The best classroom teacher I ever had is Avinash Dixit (whom I was lucky to have as dissertation adviser as well). One of his remarkable traits as a teacher was that he would never treat silly or obvious questions as such. No matter how stupid a question seemed, he would stop, raise his hand to his chin, narrow his eyes, and think a long time about it, while the rest of us in the classroom would roll our eyes at the stupidity of the questioner. Then he would say: "Ah, I see what you have in mind..." and he would roll out an answer to a deep and interesting question the student had no idea he had asked.
It is in that spirit that I have been mulling about the derision and incredulity with which my recent post on industrial policy was met among some libertarian bloggers. (See sample.) I had argued in that post that industrial policy is not unlike many other areas of government responsibility, such as education or health. My rhetoric was meant to entrap middle-of-the road economists, who see nothing wrong with governments playing a significant role in these other areas, but have an instinctive aversion to industrial policy. I had not counted on the reaction from the libertarians (whom I didn't think I would be convincing anyhow), which was: ok, now that we have shot ourselves in one foot, you think we should shoot the other foot as well?
So what are the deeper lessons? First, I am not as unconventional as I sometimes think I am. The real revolutionaries here are the libertarians. They envisage a real good world out there that looks like nothing we have now (or have ever had), and they want us to get there. Second, there are really deep philosophical differences here that have nothing to do with economics per se. Most importantly, I believe government can be a force for good; they do not. But third, libertarians hold on to their priors so strongly that they seem impervious to evidence. They shrug off the fact that there is more freedom and more wealth in those parts of the world where the government is stronger, not weaker. With respect to industrial policy proper, they refuse to engage with the fact that every nation that has grown rapidly has made use of it.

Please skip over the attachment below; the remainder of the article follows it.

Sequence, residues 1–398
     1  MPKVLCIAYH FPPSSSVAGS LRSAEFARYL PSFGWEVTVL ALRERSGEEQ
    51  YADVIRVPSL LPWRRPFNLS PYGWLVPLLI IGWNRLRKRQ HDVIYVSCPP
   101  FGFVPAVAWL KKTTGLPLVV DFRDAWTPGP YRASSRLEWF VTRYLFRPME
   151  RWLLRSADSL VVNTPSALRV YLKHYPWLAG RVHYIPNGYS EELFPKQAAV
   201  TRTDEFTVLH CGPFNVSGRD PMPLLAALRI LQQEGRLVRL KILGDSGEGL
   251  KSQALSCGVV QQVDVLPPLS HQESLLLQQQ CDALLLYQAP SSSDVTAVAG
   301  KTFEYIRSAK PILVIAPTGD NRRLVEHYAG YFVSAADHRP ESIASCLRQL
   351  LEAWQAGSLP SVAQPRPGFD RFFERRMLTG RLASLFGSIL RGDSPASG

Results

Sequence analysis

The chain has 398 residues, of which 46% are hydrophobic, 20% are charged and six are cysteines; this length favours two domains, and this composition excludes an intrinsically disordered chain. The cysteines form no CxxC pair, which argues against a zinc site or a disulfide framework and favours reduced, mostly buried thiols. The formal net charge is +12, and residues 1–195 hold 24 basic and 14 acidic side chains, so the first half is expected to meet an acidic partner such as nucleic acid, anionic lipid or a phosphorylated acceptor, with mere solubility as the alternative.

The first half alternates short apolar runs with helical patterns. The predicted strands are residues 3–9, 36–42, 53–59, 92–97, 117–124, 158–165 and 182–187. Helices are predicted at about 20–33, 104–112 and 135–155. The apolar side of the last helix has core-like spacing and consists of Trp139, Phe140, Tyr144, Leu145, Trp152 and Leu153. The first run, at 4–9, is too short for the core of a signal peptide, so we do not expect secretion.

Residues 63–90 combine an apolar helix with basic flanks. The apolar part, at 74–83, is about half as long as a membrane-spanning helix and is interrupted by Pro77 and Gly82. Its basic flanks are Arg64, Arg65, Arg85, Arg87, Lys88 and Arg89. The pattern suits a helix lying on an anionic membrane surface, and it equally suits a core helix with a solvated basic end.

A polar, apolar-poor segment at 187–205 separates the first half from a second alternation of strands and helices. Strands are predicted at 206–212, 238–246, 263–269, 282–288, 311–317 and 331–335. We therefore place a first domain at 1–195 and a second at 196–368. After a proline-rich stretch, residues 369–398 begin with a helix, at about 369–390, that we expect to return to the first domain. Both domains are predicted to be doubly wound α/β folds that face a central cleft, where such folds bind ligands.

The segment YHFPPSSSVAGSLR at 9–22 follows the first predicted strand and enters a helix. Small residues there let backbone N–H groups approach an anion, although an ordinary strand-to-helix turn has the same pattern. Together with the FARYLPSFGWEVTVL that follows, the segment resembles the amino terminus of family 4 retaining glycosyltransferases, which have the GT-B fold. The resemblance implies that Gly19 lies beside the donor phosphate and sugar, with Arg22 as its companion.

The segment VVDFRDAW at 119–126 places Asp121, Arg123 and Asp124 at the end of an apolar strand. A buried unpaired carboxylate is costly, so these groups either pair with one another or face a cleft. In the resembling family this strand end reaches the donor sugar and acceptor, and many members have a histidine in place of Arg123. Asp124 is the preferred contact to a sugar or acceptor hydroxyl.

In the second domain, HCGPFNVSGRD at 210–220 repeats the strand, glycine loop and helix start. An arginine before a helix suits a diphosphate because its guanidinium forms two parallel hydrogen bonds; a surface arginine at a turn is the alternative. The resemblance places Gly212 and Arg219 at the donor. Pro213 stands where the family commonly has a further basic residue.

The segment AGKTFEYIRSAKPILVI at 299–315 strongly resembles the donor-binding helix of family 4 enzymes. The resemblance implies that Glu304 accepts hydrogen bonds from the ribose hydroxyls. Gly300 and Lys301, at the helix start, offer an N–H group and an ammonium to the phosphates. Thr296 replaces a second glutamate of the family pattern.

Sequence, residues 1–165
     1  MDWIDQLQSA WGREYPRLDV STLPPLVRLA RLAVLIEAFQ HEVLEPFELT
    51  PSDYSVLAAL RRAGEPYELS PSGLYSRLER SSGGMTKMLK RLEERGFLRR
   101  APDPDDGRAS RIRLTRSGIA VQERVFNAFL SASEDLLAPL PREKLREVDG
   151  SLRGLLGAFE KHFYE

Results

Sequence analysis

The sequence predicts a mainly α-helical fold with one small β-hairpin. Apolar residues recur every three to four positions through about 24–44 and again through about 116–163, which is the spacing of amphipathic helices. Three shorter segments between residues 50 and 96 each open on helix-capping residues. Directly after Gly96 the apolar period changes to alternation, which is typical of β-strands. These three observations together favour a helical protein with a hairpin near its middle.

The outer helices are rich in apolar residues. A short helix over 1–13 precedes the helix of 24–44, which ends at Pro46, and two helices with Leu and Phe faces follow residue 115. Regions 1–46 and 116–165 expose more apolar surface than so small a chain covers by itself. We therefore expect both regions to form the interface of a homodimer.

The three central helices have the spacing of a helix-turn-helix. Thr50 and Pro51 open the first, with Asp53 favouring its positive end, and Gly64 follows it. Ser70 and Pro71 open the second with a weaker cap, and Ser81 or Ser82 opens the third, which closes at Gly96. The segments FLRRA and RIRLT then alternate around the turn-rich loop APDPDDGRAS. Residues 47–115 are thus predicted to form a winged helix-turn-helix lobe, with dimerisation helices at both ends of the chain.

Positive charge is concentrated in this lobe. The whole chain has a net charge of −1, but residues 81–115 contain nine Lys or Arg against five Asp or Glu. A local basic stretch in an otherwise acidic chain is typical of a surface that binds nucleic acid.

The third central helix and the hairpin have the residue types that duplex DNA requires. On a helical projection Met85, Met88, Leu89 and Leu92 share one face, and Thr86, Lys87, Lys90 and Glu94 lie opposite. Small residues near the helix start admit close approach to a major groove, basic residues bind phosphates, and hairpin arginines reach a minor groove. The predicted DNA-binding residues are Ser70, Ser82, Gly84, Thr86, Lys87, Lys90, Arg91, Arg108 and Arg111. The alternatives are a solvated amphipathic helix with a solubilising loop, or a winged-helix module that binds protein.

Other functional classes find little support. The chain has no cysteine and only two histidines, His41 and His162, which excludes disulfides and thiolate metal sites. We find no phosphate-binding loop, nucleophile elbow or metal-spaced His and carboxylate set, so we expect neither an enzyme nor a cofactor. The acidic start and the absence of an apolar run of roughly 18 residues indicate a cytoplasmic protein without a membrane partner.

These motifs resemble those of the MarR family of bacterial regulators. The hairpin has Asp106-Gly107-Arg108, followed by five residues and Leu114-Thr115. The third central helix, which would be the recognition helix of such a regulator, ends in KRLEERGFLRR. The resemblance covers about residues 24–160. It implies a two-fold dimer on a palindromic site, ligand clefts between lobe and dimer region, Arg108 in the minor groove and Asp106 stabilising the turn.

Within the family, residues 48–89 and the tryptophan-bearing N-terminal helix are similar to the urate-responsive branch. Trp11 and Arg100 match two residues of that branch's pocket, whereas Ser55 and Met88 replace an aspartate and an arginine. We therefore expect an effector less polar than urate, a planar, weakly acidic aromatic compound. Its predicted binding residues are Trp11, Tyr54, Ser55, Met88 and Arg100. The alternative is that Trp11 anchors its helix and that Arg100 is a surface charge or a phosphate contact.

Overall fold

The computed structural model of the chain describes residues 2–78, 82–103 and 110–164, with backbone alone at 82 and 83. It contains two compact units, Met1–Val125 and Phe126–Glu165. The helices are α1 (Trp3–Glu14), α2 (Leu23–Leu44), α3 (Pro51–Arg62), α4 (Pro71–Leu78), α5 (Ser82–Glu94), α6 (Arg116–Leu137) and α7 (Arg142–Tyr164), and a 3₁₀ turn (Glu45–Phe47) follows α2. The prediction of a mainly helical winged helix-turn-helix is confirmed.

I look at the world and see some government programs that work and others that fail. I want to understand what determines these outcomes, and to know how we can improve the ratio of the first to the second. When libertarians look at the same programs, they see one wreck after another.
It is genuinely hard to see how we can carry out a fruitful discussion when we observe the world through such different glasses. (But I am always game when there is a substantive, empirically-based argument to respond to.)